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Category Archives: TOPICS

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Mickey Rooney’s Legacy

Posted in Elder Law, In the News, Litigation
Most readers will already be aware that Mickey Rooney died on April 6, 2014, at the age of 93.  Last week, the late Mickey Rooney’s family appeared in court to dispute the ultimate disposition of Mr. Rooney’s remains. Mr. Rooney’s ex-wife, Jan Chamberlain, claims that Rooney would have wanted to be buried in a cemetery … Continue Reading

Extreme Burials

Posted in Executors and Trustees, Funerals, Wills
The Last Will of Napoleon Bonaparte states, “…It is my wish that my ashes may repose on the banks of the Seine, in the midst of the French people, whom I have loved so well”.  It is interesting to note that Napoleon wishes, and not instructs, this type of burial.  In Ontario, there is no … Continue Reading

The Structured Settlement

Posted in Guardianship
Many of the guardianship applications our firm prepares concern the management of tort settlement funds.  The form of these funds may be typically be either by way of: (i) structured settlement, or (ii) lump sum.  A recent decision out of the Ontario Superior Court of Justice in Thunder Bay provides the Court’s opinion as to … Continue Reading

Doctors Speak out against Unnecessary Medical Tests

Posted in Health / Medical
Nine national medical organizations in Canada, including the Canadian Medical Association, have gotten together to speak out against ordering unnecessary medical testing and procedures that patients do not always need.  The list of 40 tests, treatments and procedures are based on definitive evidence that these interventions provide “no benefit to patients”, and may do more … Continue Reading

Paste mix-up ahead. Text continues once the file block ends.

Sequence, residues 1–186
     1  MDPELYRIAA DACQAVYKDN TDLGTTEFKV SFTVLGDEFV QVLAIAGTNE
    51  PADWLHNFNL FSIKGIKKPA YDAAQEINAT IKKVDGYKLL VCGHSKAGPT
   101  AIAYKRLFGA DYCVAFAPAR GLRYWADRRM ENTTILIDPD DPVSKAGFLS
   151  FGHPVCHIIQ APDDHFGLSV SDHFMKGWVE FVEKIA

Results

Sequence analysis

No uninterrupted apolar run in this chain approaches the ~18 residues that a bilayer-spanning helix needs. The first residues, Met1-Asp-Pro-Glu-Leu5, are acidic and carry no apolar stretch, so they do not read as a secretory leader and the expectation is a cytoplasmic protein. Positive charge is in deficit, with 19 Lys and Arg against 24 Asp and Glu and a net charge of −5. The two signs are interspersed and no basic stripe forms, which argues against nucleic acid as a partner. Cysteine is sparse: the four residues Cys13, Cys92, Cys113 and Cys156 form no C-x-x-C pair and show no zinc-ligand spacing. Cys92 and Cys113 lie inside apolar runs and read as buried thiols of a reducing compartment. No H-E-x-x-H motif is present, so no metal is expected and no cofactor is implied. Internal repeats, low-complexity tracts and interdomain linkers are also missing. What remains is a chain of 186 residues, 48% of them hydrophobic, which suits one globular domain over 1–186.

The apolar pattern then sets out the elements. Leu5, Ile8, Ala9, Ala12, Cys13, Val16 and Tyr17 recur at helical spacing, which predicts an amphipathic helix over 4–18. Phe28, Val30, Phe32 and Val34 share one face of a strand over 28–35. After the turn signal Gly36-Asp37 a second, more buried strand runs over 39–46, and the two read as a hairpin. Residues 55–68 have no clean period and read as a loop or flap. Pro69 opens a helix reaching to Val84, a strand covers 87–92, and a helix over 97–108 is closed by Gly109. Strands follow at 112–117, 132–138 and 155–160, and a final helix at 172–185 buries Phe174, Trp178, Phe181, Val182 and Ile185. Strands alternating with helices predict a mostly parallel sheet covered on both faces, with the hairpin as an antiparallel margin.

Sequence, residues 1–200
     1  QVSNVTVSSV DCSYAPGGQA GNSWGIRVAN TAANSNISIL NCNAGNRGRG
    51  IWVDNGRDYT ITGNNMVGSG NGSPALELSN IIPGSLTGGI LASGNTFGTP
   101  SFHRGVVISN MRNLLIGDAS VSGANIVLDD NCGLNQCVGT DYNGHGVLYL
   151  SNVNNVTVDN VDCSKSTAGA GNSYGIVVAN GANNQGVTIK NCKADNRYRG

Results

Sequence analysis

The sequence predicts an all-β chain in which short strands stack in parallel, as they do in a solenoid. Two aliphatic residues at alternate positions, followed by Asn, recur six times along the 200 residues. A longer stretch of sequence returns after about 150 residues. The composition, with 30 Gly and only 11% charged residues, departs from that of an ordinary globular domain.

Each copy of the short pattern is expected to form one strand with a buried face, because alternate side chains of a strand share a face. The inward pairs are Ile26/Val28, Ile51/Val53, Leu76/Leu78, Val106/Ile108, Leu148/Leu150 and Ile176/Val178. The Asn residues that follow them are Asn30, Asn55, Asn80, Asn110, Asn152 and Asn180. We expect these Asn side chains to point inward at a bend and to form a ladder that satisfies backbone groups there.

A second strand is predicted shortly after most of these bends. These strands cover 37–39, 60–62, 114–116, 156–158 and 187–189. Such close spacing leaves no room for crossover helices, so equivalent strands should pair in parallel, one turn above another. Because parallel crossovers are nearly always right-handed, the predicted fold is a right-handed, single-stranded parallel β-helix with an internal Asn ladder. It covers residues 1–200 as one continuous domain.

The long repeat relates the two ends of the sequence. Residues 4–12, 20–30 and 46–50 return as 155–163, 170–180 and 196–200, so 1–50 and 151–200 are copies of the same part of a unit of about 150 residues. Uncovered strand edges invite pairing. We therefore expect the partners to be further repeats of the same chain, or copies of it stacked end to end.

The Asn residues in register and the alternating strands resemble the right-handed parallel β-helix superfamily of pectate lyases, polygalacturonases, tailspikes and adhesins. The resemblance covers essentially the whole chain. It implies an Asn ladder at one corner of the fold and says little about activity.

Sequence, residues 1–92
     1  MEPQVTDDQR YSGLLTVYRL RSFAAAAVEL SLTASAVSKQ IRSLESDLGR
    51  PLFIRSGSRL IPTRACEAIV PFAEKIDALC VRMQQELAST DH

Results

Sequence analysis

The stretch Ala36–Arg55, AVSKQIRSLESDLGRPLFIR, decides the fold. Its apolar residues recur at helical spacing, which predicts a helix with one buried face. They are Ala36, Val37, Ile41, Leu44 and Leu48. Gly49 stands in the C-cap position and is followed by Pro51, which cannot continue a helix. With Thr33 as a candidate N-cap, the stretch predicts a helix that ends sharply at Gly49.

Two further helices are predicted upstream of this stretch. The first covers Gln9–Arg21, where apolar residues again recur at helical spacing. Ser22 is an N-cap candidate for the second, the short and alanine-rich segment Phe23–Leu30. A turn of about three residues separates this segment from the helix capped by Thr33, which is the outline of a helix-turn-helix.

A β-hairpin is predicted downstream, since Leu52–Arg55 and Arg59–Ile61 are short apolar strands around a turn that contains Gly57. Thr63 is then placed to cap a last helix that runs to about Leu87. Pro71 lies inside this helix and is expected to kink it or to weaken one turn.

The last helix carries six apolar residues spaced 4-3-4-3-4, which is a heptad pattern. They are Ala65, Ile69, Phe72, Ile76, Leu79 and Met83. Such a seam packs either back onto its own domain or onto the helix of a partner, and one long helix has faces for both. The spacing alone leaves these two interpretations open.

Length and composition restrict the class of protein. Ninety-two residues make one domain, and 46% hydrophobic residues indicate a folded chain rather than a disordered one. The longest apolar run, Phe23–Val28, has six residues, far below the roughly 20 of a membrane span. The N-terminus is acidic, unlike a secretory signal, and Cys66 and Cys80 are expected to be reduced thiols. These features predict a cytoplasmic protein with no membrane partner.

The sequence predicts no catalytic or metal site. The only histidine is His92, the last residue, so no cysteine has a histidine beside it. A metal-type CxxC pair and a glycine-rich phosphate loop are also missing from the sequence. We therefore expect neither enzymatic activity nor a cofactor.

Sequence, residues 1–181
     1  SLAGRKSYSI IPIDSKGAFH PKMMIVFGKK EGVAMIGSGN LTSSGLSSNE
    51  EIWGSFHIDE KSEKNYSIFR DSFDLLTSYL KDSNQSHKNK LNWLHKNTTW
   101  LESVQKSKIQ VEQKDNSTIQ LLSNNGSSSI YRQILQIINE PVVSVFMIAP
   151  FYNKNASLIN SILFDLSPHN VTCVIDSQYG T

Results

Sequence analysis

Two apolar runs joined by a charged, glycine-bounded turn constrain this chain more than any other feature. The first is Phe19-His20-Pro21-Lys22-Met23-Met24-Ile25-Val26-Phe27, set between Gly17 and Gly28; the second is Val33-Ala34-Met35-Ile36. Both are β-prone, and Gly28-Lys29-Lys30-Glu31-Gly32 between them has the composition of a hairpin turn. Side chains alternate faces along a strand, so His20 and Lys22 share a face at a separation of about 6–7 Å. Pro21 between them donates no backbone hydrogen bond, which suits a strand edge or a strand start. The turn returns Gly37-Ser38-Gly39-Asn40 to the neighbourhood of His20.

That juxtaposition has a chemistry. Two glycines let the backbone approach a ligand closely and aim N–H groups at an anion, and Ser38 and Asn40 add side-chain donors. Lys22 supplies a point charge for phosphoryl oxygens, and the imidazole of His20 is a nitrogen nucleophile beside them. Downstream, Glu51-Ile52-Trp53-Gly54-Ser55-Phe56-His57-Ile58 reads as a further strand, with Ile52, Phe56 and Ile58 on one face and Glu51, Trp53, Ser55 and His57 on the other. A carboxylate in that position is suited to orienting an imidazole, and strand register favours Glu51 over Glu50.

Toronto Lawyer Makes a Posthumous Argument for Assisted Suicide

Posted in Ethical Issues, In the News
A Toronto criminal lawyer suffering from ALS, a terminal, incurable disease, sent a letter to his friends and colleagues before he died arguing posthumously for assisted suicide.  Edward Hung, who travelled to Switzerland for assistance in ending his life, argued that Canada’s laws against assisted suicide are “unjust.” In his letter, titled Approaching Death, Mr. … Continue Reading

Law Society of England and Wales Accepts Sharia-Compliant Wills

Posted in Estate Planning, In the News, Wills
The Law Society of England and Wales recently published a practice direction with respect to the drafting of Sharia-compliant wills.  There are 2.7 million Muslims living in the United Kingdom, many who wish to obtain a Sharia-compliant will for religious purposes. If an individual living in England chooses to distribute his or her assets according … Continue Reading

International Children’s Memorial Place

Posted in General Interest
  Prince Edward Island is the home of the International Children’s Memorial Place (“ICMP”). The mission of the ICMP is to promote and foster the health and well-being of individuals and families who grieve for the physical and emotional loss of a child. ICMP operates a beautiful 12 acre park dedicated to the memory of … Continue Reading

Settling Everything But Costs

Posted in Litigation